Meditation for a better world.
Language is important. It’s how we frame our world. The words we choose to describe something affect the way we feel. The current word we’ve chosen for our enforced isolation in the face of the pandemic is “lockdown.” This has unfortunate connotations.
A lockdown is what happens in prison. It’s a way of enforcing prison security in the event of a riot. It suggests that we’re inmates in a prison system rather than free agents in a civil world.
I have a number of anarchist friends who’d agree with this. Yes this is exactly how it is, they say. It may appear as if we have free choice, but the agents of violence are always there, lurking in the background, to ensure we obey the rules, even when we disagree.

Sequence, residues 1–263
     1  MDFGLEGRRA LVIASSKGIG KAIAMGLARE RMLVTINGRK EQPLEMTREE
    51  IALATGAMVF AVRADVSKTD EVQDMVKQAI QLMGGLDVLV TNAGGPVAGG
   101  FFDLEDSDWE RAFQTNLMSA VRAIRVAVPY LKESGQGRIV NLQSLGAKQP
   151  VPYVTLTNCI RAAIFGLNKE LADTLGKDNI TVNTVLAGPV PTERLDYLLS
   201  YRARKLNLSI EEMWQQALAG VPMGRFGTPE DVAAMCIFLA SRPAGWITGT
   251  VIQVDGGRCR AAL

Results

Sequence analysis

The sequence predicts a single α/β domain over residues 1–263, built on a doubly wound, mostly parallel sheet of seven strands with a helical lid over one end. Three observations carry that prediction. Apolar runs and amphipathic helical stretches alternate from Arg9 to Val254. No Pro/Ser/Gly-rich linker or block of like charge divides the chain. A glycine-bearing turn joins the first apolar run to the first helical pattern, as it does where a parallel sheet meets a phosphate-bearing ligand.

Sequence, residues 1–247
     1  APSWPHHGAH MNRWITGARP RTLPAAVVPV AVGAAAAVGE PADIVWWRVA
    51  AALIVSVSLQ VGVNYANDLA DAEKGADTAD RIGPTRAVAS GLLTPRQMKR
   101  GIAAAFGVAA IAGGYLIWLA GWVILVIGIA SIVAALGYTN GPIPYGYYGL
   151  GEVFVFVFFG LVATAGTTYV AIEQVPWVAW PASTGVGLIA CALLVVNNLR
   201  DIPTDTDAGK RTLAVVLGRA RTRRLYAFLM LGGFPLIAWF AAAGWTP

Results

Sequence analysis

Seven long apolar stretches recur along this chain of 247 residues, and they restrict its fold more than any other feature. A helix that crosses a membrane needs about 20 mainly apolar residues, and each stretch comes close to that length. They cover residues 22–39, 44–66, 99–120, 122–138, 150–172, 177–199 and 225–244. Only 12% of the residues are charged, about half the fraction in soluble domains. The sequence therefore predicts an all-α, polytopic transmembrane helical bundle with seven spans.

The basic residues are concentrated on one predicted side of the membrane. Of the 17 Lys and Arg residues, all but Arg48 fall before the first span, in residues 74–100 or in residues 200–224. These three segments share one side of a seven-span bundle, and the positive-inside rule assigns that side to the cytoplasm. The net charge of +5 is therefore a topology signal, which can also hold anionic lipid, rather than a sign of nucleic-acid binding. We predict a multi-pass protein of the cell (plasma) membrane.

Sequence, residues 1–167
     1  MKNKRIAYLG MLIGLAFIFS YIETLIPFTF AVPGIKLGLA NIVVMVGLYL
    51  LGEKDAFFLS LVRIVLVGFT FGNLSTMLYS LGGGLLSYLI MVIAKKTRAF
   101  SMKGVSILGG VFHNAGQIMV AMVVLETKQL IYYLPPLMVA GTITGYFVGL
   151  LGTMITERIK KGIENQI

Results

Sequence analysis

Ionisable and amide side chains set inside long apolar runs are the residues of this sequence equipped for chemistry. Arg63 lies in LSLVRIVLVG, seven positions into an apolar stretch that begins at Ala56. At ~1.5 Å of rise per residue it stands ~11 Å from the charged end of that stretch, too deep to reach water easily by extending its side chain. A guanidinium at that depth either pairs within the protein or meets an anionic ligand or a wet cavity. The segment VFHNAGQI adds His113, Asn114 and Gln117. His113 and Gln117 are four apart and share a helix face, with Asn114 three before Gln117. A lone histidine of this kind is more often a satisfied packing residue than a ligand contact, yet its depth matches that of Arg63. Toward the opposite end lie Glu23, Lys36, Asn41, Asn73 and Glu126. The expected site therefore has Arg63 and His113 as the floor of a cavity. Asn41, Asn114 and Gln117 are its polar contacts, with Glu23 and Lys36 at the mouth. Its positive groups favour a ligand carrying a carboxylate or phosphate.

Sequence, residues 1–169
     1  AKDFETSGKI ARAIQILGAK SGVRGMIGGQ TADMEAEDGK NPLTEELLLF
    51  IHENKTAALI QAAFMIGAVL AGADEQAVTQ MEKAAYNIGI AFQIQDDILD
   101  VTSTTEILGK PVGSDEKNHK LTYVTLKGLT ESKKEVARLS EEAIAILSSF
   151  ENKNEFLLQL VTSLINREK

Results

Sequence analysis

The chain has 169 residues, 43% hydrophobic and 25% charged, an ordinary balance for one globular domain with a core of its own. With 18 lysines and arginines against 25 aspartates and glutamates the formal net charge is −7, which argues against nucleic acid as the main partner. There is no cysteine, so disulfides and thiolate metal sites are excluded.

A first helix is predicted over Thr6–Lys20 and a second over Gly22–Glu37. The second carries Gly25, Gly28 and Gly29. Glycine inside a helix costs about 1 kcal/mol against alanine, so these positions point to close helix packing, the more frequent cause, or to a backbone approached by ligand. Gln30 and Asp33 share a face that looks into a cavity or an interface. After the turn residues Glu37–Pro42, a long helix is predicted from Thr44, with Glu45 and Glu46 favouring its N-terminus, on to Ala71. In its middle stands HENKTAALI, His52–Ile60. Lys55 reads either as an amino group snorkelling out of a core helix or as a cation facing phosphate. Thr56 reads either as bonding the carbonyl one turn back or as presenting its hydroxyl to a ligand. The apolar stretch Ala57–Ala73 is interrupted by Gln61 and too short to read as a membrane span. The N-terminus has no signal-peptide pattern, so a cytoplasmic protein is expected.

But there are other, more subtle, ways by which the rules are being enforced: through social conditioning and public shaming for example. We’ve really seen the latter come into its own during the current crisis. People are staying indoors, not because the police are roaming the streets forcing people to self-isolate at gunpoint—not yet anyway—but because their neighbors are keeping an eye on them, ensuring that everyone adheres to the consensus view.
I agree with them. After an initial period of doubt, I’ve come to accept that we must stay indoors, even if we’re well, in order to avoid spreading the virus to those who are more vulnerable, and to free up capacity in our chronically underfunded health service.
Read more here.